Big miners suffer as weaker commodity prices hit

The sharemarket finished lower as weaker commodity prices and the prospect of higher unemployment weighed on investors.

The sharemarket finished lower as weaker commodity prices and the prospect of higher unemployment weighed on investors.

The benchmark S&P/ASX 200 Index dropped 32.2 points, or 0.67 per cent, to 4809.5. The All Ordinaries dropped 28.8 points, or 0.6 per cent, to 4797.6.

The big miners and banks dragged the market lower.

"Weaker commodity prices set the theme," said RBS Morgans client adviser Bill Chatterton. "BHP, Rio and Newcrest are all suffering, and the banks have got knocked around a bit."

The energy sector was more resilient due to better oil prices, while overall trading volumes were relatively light.

BHP Billiton dropped 65¢ to $30.95, Rio Tinto shed $1.06 to $51.64 and goldminer Newcrest lost 83¢, or 7.7 per cent, to $9.90.

Fortescue Metals Group lost 6¢ to $3.30. Atlas Iron was down 4.75¢ to 79.5¢ after saying it would start construction on a new Pilbara mine. Oil and gas players finished stronger, with Woodside up 30¢ at $36.19, and Santos adding 19¢ to $13.41.

The wider market took a hit after the release of ANZ job advertisement figures, which showed a 1.8 per cent fall in the number of ads posted in June. Official labour force data will be released on Thursday.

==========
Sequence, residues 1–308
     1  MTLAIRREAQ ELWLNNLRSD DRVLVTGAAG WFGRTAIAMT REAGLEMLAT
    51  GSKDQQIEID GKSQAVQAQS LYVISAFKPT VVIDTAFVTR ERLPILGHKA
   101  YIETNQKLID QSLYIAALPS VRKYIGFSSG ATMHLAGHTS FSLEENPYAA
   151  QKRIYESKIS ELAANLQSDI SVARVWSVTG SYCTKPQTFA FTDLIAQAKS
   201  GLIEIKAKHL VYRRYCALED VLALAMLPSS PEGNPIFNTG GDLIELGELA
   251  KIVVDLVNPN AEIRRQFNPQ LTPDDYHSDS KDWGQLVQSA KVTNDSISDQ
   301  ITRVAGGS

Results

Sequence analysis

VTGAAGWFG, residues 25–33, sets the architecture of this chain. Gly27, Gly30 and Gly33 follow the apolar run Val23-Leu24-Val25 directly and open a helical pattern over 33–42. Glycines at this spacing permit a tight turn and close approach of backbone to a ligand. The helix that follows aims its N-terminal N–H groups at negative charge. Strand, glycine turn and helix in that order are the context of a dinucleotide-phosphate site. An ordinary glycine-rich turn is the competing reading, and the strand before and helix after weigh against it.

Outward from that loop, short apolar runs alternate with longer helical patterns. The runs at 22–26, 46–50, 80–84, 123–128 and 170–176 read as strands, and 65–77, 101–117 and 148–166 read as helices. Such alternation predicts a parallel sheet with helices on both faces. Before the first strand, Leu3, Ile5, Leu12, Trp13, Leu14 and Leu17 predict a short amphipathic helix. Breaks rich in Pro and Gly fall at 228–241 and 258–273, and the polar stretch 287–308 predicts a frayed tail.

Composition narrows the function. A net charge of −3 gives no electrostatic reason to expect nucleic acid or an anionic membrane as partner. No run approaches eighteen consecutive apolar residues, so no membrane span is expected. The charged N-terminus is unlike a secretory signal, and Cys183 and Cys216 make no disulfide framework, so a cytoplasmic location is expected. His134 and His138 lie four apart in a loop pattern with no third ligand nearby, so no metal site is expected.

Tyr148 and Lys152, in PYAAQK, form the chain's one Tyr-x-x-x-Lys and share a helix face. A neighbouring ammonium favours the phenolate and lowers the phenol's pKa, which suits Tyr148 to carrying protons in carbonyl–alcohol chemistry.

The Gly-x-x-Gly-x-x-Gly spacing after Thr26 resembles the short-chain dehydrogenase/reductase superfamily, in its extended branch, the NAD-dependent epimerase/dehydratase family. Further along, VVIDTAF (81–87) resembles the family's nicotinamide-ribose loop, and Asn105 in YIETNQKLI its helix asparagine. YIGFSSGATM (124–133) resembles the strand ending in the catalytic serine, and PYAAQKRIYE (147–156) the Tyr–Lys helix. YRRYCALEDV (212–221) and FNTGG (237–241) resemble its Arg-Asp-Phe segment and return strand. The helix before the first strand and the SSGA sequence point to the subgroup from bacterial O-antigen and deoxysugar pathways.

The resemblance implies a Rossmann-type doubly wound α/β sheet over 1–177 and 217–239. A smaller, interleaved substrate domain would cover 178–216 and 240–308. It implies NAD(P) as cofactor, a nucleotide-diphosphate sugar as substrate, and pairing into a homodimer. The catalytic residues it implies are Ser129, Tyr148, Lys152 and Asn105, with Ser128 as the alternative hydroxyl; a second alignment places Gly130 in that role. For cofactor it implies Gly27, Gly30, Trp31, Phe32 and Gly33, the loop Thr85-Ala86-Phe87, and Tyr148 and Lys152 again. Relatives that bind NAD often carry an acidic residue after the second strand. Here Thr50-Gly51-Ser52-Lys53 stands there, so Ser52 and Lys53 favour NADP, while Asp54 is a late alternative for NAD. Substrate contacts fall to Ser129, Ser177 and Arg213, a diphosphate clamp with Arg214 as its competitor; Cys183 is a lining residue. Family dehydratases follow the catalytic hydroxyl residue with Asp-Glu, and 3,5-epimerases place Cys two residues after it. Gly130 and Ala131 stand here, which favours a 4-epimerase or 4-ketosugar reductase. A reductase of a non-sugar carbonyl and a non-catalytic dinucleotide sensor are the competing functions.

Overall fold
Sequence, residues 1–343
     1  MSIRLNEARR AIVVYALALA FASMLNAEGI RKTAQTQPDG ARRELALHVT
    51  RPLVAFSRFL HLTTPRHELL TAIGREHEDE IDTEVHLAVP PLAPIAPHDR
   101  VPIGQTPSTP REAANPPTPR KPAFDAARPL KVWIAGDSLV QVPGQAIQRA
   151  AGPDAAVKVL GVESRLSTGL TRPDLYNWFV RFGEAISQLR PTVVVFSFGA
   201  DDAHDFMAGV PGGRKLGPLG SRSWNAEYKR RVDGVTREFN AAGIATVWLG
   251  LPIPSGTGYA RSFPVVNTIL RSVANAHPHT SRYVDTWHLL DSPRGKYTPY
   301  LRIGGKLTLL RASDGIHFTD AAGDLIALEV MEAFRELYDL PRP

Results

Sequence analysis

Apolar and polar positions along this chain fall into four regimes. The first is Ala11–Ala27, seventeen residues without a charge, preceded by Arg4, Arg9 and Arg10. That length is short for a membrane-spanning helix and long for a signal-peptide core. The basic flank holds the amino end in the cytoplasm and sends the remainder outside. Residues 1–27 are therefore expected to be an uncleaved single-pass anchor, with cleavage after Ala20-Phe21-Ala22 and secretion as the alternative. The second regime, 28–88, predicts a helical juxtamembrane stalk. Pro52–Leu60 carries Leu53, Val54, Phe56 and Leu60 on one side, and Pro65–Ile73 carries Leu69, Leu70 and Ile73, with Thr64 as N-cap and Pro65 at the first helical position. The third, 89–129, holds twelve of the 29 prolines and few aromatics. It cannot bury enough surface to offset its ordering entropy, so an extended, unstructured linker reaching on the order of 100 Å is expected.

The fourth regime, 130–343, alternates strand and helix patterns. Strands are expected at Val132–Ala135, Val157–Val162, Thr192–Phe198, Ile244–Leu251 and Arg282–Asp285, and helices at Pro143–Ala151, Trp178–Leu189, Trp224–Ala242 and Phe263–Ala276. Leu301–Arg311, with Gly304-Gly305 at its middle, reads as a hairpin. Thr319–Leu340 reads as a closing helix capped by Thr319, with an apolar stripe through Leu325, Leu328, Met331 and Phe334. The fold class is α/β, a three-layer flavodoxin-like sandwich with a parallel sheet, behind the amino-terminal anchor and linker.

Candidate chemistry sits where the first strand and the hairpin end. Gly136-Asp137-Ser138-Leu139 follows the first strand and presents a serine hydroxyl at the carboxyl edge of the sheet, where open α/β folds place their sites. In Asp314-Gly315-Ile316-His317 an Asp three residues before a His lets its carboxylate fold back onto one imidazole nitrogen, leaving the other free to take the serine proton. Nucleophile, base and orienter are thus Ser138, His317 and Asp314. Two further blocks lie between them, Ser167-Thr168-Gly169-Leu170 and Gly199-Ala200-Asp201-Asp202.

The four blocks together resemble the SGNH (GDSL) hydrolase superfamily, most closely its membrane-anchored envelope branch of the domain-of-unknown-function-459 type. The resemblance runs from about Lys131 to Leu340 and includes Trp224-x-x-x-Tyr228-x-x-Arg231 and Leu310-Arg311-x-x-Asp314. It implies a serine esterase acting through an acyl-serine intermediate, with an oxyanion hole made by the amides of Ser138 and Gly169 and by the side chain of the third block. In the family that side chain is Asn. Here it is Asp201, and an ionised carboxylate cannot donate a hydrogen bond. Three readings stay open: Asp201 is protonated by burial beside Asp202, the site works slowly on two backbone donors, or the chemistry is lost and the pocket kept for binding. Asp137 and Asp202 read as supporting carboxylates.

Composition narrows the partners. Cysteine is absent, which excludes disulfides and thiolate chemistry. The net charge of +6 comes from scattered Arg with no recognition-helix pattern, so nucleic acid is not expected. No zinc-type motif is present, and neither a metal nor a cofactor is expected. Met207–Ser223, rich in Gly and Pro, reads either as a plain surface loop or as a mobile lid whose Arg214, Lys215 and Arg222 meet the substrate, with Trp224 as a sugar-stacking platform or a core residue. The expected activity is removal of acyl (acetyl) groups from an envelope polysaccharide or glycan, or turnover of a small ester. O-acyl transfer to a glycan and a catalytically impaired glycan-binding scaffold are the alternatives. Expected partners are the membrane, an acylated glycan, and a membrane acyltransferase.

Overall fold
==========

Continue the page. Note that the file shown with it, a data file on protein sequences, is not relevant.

Among the big four banks, Commonwealth shares were flat at $68.99, Westpac shed 1¢ to $28.34, ANZ lost 27¢ to $28.13 and National Australia Bank closed 30¢ lower at $28.87.

The Sydney gold price was $US1221.70 an ounce, down from $US1243.10 on Friday.

The dollar was lower as the greenback continued to surge after strong US jobs data. At 5pm on Monday it was trading at US90.58¢, down from US91.42¢ on Friday.

UBS interest rate strategist Andrew Lilley said bond futures recovered some of the losses that followed the release of the US non-farm payrolls data on Friday night.

He said investors would wait for Thursday morning (Australian time) to hear what US Federal Reserve chairman Ben Bernanke had to say in a scheduled speech.

At 4.30pm on Monday, the September 10-year bond futures contract was trading at 96.08 (implying a yield of 3.92 per cent), down from 96.165 (3.835 per cent) on Friday.

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